I’d like to give some credit for these women being treated less as delicate flowers in need of protecting than I’d expected from 1968. It’s not modern, but it’s better than I’d have thought. Also, these people have phones in their cars and on airplanes! I understand 1968 less well than I thought I did, all-around.

It’s silly – I wonder how seriously the filmmakers took themselves – but pretty fun, too. The brawl between the Americans and some Australian firefighters in a gambling parlor in Malaya was fine slapstick. It’s got a 14% rating on Rotten Tomatoes, and I fell asleep once. But I had good fun with it, in the end. Keep your expectations low and have a good time.


Rating: 7 delays with the nitro.

Heaven, My Home by Attica Locke

This scintillating murder mystery, set in Trump-era East Texas, with a black main cast and racial concerns, is gripping, gorgeously written and relevant.

Heaven, My Home is Attica Locke’s fifth novel, and the second starring Texas Ranger Darren Mathews (Bluebird Bluebird). In the time between Trump’s election and his inauguration, Darren has been assigned to look into the case of a missing child. In northeast Texas’s Hopetown, on Caddo Lake, Darren’s mission is not exactly to find the child, but to extract a confession–truthful or not–from a member of the Aryan Brotherhood of Texas (ABT) for the murder of another ABT member. Darren’s life is a mess: he’s only just patched things up with his wife, and his mother is low-key blackmailing him in regards to the same murder.

He’s conflicted in several ways. A nine-year-old boy is missing, and Darren should save him, but this is a nine-year-old racist-in-training, and that training is going well so far. Darren knows justice should be absolute and blind, but the ABT man he’s being asked to frame was acquitted of another murder–of a black man–that he certainly did commit. Among the recurring questions of this novel: How far should forgiveness stretch?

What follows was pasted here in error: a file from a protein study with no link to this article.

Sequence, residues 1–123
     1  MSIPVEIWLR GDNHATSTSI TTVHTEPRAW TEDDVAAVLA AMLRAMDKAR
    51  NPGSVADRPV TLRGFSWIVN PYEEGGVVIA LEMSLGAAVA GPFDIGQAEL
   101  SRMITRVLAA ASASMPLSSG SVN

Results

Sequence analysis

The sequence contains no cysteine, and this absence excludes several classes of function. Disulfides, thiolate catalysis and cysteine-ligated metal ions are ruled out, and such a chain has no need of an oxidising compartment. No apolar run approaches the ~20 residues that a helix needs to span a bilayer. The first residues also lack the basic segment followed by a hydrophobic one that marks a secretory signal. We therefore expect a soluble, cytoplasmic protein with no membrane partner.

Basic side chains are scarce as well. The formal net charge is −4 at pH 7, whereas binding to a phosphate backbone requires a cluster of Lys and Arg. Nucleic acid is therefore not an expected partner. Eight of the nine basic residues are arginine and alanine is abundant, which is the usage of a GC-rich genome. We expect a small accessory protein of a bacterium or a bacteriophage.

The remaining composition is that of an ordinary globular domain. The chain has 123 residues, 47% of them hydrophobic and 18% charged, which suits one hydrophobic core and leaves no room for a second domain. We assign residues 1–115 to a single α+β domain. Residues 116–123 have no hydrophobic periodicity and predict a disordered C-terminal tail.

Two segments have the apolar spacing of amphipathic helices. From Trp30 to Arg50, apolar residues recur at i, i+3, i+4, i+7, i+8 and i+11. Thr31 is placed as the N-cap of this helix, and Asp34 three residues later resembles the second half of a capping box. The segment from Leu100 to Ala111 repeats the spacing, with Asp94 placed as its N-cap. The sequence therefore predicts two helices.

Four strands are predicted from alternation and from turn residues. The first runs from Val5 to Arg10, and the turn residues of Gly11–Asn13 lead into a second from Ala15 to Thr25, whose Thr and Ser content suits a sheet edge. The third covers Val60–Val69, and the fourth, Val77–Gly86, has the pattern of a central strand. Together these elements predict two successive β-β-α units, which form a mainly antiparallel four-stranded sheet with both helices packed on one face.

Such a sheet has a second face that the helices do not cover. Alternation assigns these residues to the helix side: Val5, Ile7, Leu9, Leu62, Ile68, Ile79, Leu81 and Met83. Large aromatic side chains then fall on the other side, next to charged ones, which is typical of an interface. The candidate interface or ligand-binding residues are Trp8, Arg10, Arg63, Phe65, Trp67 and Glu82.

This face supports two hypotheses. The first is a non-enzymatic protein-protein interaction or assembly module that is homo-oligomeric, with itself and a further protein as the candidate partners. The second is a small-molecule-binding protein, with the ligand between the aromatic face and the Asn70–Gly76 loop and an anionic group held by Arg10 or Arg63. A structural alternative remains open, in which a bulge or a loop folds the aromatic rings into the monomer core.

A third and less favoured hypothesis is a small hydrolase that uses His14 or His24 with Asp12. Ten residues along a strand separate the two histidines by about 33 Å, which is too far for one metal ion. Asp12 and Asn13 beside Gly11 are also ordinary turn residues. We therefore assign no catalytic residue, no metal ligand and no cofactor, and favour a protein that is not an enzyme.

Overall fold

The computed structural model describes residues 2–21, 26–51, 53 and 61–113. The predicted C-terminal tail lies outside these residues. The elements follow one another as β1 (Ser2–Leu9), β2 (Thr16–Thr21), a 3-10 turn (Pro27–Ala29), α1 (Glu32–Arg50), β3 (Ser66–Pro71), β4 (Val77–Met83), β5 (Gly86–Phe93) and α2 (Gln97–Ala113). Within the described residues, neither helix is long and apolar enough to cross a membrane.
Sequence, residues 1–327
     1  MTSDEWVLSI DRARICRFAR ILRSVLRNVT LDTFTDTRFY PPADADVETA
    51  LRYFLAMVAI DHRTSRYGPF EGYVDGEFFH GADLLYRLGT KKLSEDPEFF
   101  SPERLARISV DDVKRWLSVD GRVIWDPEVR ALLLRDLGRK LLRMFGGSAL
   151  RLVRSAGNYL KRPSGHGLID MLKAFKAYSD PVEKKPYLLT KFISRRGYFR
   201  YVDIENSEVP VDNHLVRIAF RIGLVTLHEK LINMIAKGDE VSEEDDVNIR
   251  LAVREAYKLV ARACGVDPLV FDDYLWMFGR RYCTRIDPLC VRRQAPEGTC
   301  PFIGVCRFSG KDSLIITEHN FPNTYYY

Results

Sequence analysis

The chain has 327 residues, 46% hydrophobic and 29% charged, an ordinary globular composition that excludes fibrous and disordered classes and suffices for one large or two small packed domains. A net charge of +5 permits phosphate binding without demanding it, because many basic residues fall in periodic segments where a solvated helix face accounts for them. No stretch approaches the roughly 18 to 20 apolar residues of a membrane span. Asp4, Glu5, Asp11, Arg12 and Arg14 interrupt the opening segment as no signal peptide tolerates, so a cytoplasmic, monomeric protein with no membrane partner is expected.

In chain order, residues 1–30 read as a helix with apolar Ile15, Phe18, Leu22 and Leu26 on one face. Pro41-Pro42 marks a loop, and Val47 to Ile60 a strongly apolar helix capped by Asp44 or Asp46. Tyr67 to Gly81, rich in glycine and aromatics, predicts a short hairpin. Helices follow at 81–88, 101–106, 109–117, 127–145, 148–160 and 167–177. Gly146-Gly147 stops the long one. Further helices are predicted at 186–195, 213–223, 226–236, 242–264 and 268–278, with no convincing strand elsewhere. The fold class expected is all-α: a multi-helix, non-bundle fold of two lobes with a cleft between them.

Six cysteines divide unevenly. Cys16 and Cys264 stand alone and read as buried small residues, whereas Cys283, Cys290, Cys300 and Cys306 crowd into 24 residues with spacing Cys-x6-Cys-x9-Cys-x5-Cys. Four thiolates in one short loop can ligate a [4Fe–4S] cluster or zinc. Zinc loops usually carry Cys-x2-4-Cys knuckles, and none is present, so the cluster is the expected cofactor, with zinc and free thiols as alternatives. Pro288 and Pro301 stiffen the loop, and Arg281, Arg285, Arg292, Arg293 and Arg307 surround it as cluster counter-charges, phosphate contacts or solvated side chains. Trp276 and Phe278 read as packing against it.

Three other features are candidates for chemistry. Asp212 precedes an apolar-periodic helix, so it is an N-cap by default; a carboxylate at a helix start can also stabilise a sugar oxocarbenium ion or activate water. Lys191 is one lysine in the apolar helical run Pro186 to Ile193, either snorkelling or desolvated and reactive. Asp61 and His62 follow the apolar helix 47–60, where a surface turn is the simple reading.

Heaven, My Home is a rich, complex puzzle, with layers of characters: Darren’s not-very-maternal mother, the two uncles who raised him (a law professor and a Ranger, respectively), his lawyer wife, the Rangers he associates with and those he doesn’t, his white FBI buddy who prosecutes a black man for a hate crime. And, of course, the ABT and ABT hangers-on squatting in Hopetown, historically a freedmen’s community and the last enclave of a small band of Caddo Indians. This sounds complicated, and it is, but Locke’s absorbing prose, in a third person very close to Darren, keeps the reader well abreast of all the crisscrossing loyalties and betrayals intrinsic to these East Texas woods. This is a world where white families still remember which black families “stole” themselves away. Spouses cheat; close relatives feud; Darren is a deeply good man, unsure of how to right all of history’s wrongs.